Leslie Viljoen wrote:
> On 9/20/06, Joel VanderWerf <vjoel / path.berkeley.edu> wrote:
>> Austin Ziegler wrote:
>> > On 9/20/06, Ola Bini <ola.bini / ki.se> wrote:
>> >> The problem with "just use it", is that you will have no control over
>> >> error handling in this case.
>> >
>> > This is demonstrably untrue. Duck typing is not about validation. It's
>> > about trusting your callers to do the right thing -- and then doing
>> > the right thing when they don't.
>>
>> To extend Austin's point a little: In ruby, it really has to be this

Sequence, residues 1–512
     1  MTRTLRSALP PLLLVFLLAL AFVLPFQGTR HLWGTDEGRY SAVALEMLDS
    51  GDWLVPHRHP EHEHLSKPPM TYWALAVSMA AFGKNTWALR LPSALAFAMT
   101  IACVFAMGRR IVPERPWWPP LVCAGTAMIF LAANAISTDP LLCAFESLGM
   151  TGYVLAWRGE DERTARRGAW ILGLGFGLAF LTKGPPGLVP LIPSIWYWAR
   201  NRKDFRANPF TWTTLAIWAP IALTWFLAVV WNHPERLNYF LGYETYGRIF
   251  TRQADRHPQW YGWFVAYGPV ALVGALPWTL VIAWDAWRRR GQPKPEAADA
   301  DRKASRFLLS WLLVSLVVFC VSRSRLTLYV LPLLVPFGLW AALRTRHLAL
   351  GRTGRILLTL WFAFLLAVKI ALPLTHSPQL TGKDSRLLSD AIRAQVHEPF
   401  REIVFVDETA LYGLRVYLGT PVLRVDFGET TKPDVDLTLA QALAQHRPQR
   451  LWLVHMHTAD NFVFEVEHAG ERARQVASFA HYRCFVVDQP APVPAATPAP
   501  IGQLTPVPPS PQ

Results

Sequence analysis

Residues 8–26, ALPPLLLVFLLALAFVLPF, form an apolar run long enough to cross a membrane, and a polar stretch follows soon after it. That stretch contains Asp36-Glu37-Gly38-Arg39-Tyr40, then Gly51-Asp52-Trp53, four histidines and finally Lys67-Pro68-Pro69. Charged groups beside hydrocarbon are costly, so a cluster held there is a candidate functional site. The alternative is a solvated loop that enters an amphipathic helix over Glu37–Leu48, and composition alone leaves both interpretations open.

>> way. What if an object responds to a message by way of method_missing?
>> There's no easy way to validate that.
> 
> Of course the whole scheme really relies on the library writer to
> provide very good documentation - they have to (re)discover and
> document every method call they perform on every object passed to
> them. Unless they fall back to the old ways and say "this method
> expects a string, and all that that implies". Which doesn't help the
> user of the library much because say they want to pass in something
> else that works a little like a string, but does not exhaustively
> support every method the String class supports? They have to read the
> library source and discover and document every method call on the
> object...

Maybe it has to be a String - maybe not.  If not, you can use a probe

class Probe
   def method_missing(*a,&b)
     p [self, *a]
   end
end

Kind regards

	robert